f



why does close() fail miserably on popen with exit code -1 ?!

i ran onto this weirdness today: seems like close() on popen-ed
(pseudo)file fails miserably with exception instead of returning exit
code, when said exit code is -1.

here is the simplest example (under Windows):

>>> print popen('exit 1').close()
1
>>> print popen('exit -1').close()
Traceback (most recent call last):
  File "<interactive input>", line 1, in ?
IOError: (0, 'Error')
>>> print popen('exit -2').close()
-2

has anyone have idea why is that?

- nas

0
enterr (21)
2/20/2006 6:27:16 AM
comp.lang.python 77058 articles. 6 followers. Post Follow

8 Replies
492 Views

Similar Articles

[PageSpeed] 35

Atanas Banov:
>i ran onto this weirdness today: seems like close() on popen-ed
>(pseudo)file fails miserably with exception instead of returning exit
>code, when said exit code is -1.

Not here.

Python 2.4.2 (#67, Sep 28 2005, 12:41:11) [MSC v.1310 32 bit (Intel)]
Type "help", "copyright", "credits" or "license" for more information.
>>> import os
>>> print os.popen('exit 1').close()
1

-- 
Ren´┐Ż Pijlman
0
2/20/2006 11:04:46 AM
my gripe is about exit with MINUS ONE, not +1. see my post again.

yes, i know one cannot return -1 in unix (since returned value is
exitcode % 256 * 256), and no, i am not interested in unix behavior.

Rene Pijlman wrote:
> Atanas Banov:
> >i ran onto this weirdness today: seems like close() on popen-ed
> >(pseudo)file fails miserably with exception instead of returning exit
> >code, when said exit code is -1.
>
> Not here.
>
> Python 2.4.2 (#67, Sep 28 2005, 12:41:11) [MSC v.1310 32 bit (Intel)]
> Type "help", "copyright", "credits" or "license" for more information.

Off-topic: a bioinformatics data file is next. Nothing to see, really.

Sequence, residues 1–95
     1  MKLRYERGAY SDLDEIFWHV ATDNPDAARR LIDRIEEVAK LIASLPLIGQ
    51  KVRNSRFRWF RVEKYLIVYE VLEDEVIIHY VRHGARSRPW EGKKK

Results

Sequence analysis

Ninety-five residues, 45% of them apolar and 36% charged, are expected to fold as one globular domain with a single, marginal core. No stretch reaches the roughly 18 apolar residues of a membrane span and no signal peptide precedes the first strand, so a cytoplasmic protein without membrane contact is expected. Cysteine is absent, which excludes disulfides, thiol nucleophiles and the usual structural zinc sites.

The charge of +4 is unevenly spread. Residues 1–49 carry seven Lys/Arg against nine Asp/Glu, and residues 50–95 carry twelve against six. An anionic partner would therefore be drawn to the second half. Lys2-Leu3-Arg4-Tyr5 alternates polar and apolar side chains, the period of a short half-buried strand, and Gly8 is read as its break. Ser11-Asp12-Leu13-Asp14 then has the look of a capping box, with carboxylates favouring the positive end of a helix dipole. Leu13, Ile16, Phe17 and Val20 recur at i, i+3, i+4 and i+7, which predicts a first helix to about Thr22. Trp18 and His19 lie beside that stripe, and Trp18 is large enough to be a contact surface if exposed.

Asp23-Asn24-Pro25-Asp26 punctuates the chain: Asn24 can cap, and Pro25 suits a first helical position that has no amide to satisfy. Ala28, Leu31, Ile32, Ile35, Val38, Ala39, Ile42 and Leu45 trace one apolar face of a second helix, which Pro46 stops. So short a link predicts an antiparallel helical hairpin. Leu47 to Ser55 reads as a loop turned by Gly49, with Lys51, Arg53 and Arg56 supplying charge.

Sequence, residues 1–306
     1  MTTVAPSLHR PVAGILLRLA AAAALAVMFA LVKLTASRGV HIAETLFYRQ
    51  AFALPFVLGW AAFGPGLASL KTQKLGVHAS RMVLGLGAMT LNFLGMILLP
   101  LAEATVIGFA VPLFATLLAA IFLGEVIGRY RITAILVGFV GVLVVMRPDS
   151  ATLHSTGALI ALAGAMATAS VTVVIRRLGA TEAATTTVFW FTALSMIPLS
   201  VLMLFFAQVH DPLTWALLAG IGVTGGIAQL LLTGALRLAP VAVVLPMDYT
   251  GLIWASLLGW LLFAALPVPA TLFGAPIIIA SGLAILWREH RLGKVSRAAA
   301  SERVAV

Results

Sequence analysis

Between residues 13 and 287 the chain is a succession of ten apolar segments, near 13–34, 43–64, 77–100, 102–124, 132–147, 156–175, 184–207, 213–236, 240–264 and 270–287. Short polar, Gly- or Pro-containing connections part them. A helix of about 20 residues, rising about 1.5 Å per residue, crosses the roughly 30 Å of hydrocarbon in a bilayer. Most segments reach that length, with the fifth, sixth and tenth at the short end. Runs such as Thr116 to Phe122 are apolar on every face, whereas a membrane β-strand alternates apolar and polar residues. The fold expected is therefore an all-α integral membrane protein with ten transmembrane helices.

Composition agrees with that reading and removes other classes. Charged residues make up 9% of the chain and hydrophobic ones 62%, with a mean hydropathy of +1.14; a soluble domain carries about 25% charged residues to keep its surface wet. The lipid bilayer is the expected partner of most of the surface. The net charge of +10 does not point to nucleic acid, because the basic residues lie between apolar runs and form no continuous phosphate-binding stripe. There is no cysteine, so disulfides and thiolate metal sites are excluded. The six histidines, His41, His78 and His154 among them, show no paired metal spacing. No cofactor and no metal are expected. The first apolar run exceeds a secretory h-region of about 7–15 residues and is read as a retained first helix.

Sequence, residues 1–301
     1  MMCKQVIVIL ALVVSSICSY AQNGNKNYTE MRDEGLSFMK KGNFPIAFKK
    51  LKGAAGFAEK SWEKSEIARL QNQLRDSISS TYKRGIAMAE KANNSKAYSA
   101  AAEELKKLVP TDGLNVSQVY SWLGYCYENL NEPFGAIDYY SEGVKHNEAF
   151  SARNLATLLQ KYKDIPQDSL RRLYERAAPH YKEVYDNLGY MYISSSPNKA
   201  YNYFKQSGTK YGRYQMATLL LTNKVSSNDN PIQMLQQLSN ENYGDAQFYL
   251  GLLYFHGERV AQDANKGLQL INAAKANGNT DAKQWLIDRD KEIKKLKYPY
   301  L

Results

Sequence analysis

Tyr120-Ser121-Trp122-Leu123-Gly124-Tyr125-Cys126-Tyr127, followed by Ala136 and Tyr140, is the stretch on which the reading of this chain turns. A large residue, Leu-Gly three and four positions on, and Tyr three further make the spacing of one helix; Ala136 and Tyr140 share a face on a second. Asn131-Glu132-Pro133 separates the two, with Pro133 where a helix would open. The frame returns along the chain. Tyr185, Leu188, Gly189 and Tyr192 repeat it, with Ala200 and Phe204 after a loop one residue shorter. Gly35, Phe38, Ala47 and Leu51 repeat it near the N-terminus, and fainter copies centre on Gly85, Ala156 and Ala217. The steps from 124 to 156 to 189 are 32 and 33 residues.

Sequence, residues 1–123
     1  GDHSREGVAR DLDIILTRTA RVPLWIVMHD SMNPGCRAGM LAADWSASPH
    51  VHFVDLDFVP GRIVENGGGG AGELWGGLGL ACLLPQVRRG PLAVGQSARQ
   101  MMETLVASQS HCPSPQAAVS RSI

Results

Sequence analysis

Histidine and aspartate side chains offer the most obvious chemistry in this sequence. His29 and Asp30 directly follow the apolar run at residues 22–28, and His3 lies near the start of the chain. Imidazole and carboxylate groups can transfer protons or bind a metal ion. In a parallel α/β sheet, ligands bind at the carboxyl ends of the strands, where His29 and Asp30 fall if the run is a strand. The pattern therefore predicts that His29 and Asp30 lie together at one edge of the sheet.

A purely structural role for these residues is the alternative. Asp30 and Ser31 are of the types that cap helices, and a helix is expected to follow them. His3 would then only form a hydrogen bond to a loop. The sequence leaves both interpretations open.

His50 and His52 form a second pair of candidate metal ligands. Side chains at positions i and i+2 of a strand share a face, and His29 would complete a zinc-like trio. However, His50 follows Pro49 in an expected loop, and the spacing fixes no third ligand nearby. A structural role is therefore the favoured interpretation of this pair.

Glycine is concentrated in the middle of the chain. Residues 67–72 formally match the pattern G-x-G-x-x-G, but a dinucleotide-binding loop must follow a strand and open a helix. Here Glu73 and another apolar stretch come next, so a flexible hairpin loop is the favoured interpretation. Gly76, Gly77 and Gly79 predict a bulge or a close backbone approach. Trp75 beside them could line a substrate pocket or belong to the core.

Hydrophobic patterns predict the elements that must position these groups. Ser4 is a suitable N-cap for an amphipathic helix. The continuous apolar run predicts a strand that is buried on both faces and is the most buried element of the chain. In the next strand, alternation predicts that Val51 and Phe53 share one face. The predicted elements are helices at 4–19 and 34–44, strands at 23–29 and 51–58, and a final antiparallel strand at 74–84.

> >>> import os
> >>> print os.popen('exit 1').close()
> 1

0
enterr (21)
2/20/2006 7:50:47 PM
Atanas Banov wrote:
> i ran onto this weirdness today: seems like close() on popen-ed
> (pseudo)file fails miserably with exception instead of returning exit
> code, when said exit code is -1.
> 
> here is the simplest example (under Windows):
> 
> 
>>>>print popen('exit 1').close()
> 
> 1
> 
>>>>print popen('exit -1').close()
> 
> Traceback (most recent call last):
>   File "<interactive input>", line 1, in ?
> IOError: (0, 'Error')
> 
>>>>print popen('exit -2').close()
> 
> -2
> 
> has anyone have idea why is that?

_PyPclose returns the exit status of the popened process (the popenee?), 
or -1 on error.  Of course, if the status is supposed to be -1, there's 
some confusion.

In the snippet of code below (from Modules/posixmodule.c), result has 
been initialized to the output of fclose, which in your case is 0.  The 
comment is particularly handy.

	if (result != EOF &&
	    waitpid(pipe_pid, &exit_code, 0) == pipe_pid)
	{
		/* extract exit status */
		if (WIFEXITED(exit_code))
		{
			result = WEXITSTATUS(exit_code);
		}
		else
		{
			errno = EPIPE;
			result = -1;
		}
	}
	else
	{
		/* Indicate failure - this will cause the file object
		 * to raise an I/O error and translate the last
		 * error code from errno.  We do have a problem with
		 * last errors that overlap the normal errno table,
		 * but that's a consistent problem with the file object.
		 */
		result = -1;
	}
0
jeff34 (1597)
2/20/2006 9:26:10 PM
"Atanas Banov" <enterr@gmail.com> wrote in message 
news:1140465047.381586.224530@g47g2000cwa.googlegroups.com...
>
> my gripe is about exit with MINUS ONE, not +1. see my post again.

FWIW, I reproduced the error message for -1 (and the no error for -2, -3) 
in the Idle Python Shell uder Win XP home.

tjr



0
tjreedy (5460)
2/20/2006 10:04:25 PM
Jeffrey Schwab wrote:
> _PyPclose returns the exit status of the popened process (the popenee?),
> or -1 on error.  Of course, if the status is supposed to be -1, there's
> some confusion.

yes, that's what i thought the root of the problem is.

> In the snippet of code below (from Modules/posixmodule.c), result has
> been initialized to the output of fclose, which in your case is 0.  The
> comment is particularly handy.
>
....
> 		/* Indicate failure - this will cause the file object
> 		 * to raise an I/O error and translate the last
> 		 * error code from errno.  We do have a problem with
> 		 * last errors that overlap the normal errno table,
> 		 * but that's a consistent problem with the file object.
> 		 */

the piece you quoted is from the unix #ifdef part, i think. there is
another version of the pypclose for windows below that.